Some engineering aspects, related to designing end products (my experience is in prototypes and small-volume production): Machining costs (accounting for time and tool wear when milling/turning) are so much less on Al alloys that the costs of extra material can be tiny in comparison - if you're starting from billets. Al is also easy to melt, so casting is ...


3

My reputation is too low to comment so I'll give some pointers in an answer :) Looking at your design your structures weak points are the areas where the plate and the sensors interface, especially the ones in the corners. This is because you have a very long lever from your load to the feet of your sensors and a very small contact area between the sensor ...


2

I am just going to go with the procedure here, and the formulas. Then I'm going to give you a numeric example. The maximum Force that a cantilever beam can support without yielding is given by ( I could go through the derivation but I don't think its relevant): $$F= \frac{2 \sigma_{allow} I}{b \cdot L}$$ where: $\sigma_{allow}$ : allowable stress $I$: ...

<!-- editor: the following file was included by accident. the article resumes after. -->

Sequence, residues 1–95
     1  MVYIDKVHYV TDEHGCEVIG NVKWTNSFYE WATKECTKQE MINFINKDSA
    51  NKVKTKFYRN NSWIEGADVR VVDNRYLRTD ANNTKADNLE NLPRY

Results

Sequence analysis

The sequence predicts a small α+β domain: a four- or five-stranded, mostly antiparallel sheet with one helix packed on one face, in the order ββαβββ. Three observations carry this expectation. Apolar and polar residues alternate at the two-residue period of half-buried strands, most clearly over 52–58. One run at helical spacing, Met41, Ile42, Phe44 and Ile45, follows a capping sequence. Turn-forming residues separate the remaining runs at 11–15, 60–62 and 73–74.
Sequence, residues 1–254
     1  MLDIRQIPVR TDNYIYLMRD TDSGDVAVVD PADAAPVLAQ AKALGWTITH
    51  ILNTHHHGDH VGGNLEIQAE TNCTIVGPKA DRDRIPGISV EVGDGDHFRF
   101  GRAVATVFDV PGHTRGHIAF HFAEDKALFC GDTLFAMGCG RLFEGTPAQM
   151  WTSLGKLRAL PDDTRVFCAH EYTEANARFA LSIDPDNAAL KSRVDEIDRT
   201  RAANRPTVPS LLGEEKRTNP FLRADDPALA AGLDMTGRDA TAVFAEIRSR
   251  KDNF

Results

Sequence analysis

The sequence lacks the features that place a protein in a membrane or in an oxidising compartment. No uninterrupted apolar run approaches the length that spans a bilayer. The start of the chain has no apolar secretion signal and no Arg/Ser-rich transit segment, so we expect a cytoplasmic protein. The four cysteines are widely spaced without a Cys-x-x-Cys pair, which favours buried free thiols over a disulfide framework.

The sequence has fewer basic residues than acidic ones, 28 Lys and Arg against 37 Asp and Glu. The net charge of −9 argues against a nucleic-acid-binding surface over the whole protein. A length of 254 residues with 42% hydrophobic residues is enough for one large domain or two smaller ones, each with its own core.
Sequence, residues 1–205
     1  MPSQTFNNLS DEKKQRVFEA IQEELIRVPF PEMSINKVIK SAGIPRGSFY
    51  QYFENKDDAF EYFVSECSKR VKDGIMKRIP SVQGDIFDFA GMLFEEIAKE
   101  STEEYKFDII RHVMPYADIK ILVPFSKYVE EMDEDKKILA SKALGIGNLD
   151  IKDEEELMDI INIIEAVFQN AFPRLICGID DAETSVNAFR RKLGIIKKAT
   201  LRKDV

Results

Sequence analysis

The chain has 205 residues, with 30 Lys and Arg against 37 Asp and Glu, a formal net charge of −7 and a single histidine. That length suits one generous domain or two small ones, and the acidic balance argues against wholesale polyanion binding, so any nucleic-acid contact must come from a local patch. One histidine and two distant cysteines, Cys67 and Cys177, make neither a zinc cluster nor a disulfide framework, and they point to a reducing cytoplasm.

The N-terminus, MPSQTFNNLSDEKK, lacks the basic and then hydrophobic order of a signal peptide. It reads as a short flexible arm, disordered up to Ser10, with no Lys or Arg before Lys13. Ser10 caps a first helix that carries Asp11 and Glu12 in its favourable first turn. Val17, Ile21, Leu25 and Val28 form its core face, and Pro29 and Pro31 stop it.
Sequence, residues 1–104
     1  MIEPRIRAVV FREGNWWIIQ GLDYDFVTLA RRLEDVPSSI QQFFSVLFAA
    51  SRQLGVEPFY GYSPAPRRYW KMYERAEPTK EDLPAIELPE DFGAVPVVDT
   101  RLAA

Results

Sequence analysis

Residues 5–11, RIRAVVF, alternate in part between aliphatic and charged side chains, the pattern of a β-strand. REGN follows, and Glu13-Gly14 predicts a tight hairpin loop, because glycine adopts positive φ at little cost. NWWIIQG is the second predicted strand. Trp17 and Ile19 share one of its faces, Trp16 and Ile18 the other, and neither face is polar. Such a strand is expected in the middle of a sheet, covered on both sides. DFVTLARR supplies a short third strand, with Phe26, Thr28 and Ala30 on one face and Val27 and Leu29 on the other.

2

If we scale the picture the screw attaching the rod to the facia is at 1/10 the length of the rod. So it imparts 10 times the force of the rod to the siding. By eyeballing the fabric it is 8-10 square. Meaning a garden variety gust wind can generate roughly $15 \cdot 64= 1000/4 =250\text{ lbf}$ uplift at each corner. $250 \cdot 10= 2500\text{ lbf}$ on the ...


2

Using "normal" powder coating excludes the option to use a matte finish powder coating. If the service you are using for the coating has not presented to you this option, they are derelict in their business. Additionally, there are powders available, when properly applied, provide for a wrinkle finish, addressing the textured consideration in your ...


2

An adequate simplification would be to treat it as a simply supported beam (there is not much added benefit to treat it a plate). For a simply supported beam with: Length L = 37 5/8'' width w = 22 1/16'' - 2 1/2'' = 19 9/16'' (the width is at its thinness point) Assuming the load is dead center: $$M=P\cdot \frac{L}{2} = 1881.25 [lbf.in]$$ where: P is the ...


2

Wider tubes and beams are stronger against bending and less susceptible to buckling. Look up second moment of area. There is a limit to how thin you can make a tube before it becomes impossible (or very hard) to weld. With aluminium you can make much wider tubes which can still be welded. Just compare modern aluminium bicycle frames to older, high-end steel ...


1